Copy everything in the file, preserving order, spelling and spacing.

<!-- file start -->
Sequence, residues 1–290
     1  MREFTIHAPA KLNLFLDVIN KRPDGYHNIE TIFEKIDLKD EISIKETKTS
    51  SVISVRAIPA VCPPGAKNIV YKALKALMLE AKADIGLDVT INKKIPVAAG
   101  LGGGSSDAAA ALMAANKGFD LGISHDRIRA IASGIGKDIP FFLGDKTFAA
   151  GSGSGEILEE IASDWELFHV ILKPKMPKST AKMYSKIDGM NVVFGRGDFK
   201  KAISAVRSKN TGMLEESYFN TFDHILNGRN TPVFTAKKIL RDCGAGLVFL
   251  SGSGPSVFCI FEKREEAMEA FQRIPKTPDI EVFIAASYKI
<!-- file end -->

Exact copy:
Sequence, residues 1–290
     1  MREFTIHAPA KLNLFLDVIN KRPDGYHNIE TIFEKIDLKD EISIKETKTS
    51  SVISVRAIPA VCPPGAKNIV YKALKALMLE AKADIGLDVT INKKIPVAAG
   101  LGGGSSDAAA ALMAANKGFD LGISHDRIRA IASGIGKDIP FFLGDKTFAA
   151  GSGSGEILEE IASDWELFHV ILKPKMPKST AKMYSKIDGM NVVFGRGDFK
   201  KAISAVRSKN TGMLEESYFN TFDHILNGRN TPVFTAKKIL RDCGAGLVFL
   251  SGSGPSVFCI FEKREEAMEA FQRIPKTPDI EVFIAASYKI